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So, I WAS missing something!

You were thinking specifically of virtual devices, but omitted to mention this in your question?

To answer your question, yes, I was thinking of some sort of cable. Is there such a thing as a virtual cable?

At one time, not so long ago, I had a virtual keyboard active (VMPK), and Virtual Midi Synth system active, and these were working fine and no DAW was involved, and as far as I'm aware, no 'intermediate software' (although as it was all virtual I couldn't be sure about that). The two processes just connected, and got on fine, although I maybe had to do a tiny 'introduction'. Then I needed to change the HD and the VMPK is no longer active, but the Virtual Synth etc is still there (with SynthFont ?)

Geoff
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  1. more than a month ago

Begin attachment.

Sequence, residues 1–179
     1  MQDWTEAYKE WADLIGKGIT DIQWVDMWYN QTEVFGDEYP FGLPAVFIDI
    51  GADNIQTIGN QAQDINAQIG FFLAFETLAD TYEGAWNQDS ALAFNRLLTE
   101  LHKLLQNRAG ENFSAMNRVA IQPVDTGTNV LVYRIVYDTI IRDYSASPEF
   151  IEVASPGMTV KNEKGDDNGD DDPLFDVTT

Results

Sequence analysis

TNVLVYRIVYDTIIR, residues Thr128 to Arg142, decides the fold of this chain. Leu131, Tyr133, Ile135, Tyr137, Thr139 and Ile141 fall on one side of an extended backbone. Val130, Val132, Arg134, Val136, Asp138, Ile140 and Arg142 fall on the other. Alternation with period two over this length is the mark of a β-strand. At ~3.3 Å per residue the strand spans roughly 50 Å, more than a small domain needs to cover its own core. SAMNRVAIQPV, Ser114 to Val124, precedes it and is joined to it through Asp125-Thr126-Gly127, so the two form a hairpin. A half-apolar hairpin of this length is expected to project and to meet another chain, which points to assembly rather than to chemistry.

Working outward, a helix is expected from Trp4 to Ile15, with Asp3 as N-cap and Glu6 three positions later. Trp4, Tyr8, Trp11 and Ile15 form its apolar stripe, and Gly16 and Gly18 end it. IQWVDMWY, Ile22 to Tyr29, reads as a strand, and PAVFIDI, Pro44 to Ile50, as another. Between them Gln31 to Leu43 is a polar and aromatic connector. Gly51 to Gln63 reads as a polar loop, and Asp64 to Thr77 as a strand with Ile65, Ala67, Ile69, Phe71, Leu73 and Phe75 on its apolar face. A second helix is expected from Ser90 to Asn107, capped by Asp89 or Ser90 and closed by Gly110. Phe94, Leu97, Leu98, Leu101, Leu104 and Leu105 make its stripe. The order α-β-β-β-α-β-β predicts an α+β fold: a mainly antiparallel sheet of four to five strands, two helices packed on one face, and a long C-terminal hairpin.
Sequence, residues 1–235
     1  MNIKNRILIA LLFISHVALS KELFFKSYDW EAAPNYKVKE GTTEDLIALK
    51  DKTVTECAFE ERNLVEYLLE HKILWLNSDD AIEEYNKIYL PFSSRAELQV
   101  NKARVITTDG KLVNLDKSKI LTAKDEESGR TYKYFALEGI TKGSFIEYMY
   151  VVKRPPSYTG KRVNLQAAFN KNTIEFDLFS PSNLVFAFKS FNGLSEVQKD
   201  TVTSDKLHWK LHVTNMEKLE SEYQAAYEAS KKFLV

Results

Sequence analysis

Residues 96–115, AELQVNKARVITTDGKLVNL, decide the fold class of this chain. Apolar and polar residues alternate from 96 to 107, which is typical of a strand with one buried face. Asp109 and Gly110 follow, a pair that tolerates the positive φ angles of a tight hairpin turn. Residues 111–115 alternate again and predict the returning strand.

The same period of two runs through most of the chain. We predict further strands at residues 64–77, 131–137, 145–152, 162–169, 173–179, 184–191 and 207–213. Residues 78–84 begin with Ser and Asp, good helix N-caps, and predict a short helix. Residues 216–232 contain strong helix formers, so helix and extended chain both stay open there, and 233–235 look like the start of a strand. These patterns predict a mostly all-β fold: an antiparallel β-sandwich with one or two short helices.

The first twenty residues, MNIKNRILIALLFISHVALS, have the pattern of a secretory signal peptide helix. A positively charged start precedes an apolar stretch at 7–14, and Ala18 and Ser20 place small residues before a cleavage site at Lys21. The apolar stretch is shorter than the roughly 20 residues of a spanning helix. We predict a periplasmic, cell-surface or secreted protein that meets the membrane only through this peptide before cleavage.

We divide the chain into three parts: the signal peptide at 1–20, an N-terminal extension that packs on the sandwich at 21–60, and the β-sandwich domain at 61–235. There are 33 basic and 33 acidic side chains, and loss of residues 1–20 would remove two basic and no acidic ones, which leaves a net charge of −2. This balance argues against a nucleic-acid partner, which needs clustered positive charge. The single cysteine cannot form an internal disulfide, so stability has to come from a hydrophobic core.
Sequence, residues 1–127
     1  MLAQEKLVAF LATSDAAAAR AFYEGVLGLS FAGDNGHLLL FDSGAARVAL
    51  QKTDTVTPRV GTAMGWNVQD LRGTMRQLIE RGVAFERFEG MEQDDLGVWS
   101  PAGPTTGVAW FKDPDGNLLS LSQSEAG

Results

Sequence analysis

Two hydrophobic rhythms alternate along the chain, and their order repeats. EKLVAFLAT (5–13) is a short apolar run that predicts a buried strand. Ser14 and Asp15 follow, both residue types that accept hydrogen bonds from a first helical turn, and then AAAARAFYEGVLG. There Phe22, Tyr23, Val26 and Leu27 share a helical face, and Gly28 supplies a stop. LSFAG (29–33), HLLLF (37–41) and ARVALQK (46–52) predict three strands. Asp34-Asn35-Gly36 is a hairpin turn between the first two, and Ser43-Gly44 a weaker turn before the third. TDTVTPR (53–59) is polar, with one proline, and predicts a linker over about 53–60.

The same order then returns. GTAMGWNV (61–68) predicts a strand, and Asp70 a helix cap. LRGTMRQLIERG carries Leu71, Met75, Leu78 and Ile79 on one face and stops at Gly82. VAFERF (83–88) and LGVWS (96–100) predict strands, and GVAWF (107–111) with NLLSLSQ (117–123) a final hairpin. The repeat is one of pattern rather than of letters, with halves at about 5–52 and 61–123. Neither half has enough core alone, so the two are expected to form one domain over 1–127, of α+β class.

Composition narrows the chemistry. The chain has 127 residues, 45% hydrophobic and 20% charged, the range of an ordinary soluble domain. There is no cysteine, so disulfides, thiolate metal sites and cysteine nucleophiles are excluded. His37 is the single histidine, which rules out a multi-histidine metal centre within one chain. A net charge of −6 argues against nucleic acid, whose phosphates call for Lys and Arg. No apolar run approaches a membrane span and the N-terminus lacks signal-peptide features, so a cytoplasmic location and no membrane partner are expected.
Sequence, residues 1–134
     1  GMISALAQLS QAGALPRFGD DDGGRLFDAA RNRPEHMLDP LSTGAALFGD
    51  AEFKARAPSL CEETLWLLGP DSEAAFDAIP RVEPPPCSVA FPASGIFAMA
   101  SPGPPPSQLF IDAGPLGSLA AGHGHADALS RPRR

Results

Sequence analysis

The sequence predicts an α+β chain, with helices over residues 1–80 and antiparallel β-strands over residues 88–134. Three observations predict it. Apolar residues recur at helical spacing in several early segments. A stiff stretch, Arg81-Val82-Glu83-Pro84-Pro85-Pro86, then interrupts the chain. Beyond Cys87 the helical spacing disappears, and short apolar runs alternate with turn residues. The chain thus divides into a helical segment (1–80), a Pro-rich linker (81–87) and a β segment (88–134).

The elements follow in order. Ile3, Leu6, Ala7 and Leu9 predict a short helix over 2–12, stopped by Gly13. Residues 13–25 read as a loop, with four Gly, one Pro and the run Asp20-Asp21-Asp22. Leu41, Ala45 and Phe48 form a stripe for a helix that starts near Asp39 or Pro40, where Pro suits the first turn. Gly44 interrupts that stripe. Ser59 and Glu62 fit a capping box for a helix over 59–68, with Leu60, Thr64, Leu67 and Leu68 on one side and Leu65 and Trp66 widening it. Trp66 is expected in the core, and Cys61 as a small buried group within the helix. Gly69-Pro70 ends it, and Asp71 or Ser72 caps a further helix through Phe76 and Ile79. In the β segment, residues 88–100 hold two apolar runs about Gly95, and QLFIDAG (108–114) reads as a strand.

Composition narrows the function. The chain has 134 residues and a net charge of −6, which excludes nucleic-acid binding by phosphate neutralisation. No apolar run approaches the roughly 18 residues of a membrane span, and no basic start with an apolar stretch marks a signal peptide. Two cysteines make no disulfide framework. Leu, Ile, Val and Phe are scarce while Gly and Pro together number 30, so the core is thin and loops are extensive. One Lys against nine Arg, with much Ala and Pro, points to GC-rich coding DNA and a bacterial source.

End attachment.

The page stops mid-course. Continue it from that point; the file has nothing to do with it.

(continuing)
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VMPK has its own menu through which you can connect it to anything so it's more than just a MIDI port.
Another use case: ho do you connect devices that have no 5-pin DIN connectors, only USB?
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  1. more than a month ago
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Hello Sema,

I was not aware that VMPK was .a MIDI port', I'll have to look into that. The system is still on a HD here, just not active. I was using it as a virtual Keyboard to test Virtual Midi Synth. I would expect that any device like that, on any OS, would have an option to search for something to play through, and could connect if something is found.